Before we started, we were asked if we were willing to allow the other entrepreneurs to view our presentation. We were happy to oblige, hoping the favor would be returned when it was their turn to present. We flew through our presentation in 15 minutes without interruption (our best practice time had been 25 minutes). We immediately kicked off the Q&A with a few of our own questions in an attempt to preempt several of the concerns we anticipated, most notably that Yair and I already own and operate SmartLogic Solutions. About eight of the 11 angels present actually asked us questions, and we had to cut off the questions at 15 minutes in order to stay on schedule.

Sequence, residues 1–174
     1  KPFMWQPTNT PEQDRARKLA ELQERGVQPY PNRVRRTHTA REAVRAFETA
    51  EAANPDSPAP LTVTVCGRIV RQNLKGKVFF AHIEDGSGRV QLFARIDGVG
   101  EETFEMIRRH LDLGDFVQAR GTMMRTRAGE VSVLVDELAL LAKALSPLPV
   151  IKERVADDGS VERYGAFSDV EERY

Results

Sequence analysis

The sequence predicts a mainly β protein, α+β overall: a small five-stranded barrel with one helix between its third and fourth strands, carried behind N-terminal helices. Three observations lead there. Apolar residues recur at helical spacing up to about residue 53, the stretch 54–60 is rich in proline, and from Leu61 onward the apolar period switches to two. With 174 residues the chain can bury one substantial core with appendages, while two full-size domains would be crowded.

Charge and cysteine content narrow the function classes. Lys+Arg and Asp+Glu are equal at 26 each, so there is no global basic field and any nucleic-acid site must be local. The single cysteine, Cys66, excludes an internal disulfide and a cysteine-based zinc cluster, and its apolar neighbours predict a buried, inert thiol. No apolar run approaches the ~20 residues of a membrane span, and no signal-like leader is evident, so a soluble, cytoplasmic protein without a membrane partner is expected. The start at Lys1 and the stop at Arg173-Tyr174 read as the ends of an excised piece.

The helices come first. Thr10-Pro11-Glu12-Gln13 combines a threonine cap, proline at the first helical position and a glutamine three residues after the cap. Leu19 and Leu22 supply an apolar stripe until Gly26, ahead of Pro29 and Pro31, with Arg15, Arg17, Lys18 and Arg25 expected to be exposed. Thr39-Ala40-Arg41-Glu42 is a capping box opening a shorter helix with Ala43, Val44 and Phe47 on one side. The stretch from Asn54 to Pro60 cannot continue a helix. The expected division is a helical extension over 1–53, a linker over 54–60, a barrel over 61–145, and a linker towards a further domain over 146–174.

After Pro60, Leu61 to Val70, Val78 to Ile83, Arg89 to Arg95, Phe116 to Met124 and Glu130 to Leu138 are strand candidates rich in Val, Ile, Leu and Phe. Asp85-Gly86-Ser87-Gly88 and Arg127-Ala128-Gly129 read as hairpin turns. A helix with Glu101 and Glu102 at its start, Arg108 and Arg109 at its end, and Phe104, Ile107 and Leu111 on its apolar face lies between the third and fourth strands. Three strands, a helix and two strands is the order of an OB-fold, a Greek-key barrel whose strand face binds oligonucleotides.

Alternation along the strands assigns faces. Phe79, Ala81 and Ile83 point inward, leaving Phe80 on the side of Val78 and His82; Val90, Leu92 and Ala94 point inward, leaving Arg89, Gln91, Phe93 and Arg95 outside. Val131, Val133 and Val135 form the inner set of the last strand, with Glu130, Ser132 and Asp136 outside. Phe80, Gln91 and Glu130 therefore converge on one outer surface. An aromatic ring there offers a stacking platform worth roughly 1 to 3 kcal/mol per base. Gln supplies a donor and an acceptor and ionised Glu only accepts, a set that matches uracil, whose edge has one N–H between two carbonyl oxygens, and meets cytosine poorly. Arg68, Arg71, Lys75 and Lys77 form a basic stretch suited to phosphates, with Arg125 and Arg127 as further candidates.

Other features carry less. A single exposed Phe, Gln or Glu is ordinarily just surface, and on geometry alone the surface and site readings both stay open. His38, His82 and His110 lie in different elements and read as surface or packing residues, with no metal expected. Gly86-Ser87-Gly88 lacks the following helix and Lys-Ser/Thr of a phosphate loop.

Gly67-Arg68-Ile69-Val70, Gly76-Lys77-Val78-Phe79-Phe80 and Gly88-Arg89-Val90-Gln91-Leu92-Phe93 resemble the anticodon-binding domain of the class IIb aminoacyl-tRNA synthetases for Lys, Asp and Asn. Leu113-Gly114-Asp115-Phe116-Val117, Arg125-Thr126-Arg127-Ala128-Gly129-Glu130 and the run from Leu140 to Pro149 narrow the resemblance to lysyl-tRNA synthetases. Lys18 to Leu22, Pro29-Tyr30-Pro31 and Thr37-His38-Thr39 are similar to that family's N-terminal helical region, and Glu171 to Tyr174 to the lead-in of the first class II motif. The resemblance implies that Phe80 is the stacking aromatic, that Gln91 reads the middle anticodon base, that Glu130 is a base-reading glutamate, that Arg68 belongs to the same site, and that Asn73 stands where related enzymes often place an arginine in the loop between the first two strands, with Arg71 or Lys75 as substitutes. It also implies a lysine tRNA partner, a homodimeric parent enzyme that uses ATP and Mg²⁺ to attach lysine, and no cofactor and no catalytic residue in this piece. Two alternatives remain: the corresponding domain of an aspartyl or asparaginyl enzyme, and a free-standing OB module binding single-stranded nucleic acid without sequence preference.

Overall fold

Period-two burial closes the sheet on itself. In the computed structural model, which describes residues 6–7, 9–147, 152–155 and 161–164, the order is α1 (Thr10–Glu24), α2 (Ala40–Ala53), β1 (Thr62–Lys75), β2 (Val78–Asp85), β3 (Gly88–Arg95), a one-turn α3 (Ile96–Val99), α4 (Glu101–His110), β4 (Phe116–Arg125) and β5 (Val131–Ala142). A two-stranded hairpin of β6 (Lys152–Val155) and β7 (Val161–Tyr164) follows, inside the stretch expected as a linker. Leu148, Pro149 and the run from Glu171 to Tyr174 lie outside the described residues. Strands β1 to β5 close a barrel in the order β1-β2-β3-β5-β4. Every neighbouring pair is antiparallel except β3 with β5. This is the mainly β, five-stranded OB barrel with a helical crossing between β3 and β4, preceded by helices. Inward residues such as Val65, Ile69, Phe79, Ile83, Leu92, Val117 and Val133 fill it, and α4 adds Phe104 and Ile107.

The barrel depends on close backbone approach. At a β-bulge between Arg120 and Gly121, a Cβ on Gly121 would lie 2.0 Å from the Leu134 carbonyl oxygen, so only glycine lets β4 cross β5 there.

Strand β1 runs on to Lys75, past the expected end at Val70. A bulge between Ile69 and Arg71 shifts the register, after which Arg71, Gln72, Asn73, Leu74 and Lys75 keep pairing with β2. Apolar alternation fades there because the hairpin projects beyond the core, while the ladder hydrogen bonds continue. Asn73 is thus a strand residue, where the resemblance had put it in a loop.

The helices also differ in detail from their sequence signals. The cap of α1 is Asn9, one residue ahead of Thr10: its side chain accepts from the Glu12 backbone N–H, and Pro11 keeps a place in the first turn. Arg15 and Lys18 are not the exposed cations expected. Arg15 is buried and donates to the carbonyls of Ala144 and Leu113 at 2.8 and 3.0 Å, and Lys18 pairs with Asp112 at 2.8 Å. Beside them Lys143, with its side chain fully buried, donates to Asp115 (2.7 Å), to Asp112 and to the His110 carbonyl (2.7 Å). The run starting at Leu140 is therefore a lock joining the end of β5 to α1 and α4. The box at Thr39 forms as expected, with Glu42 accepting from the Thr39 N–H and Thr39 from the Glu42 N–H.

Jonathan and Jason followed, each giving us permission to stay and view their presentations. I was tempted to actually ask them questions during the Q&A, but ultimately resisted when I considered the short period allotted and the fact that I wasn't a potential investor.
Afterwards, the angels met privately for about 20-30 minutes to recap the evening. This gave Yair and I the opportunity to get to know Jonathan and Jason a bit better. We spent time talking about each of our opportunities and even shared some contacts that we thought might be helpful to each other. I was impressed by both of them and think they'll both find success soon.
About half of the angels made it over to the Hudson Street Stackhouse for a post-presentation drink. Unfortunately, only a couple stayed for more than a single round -- what do you know, most have families, hehe.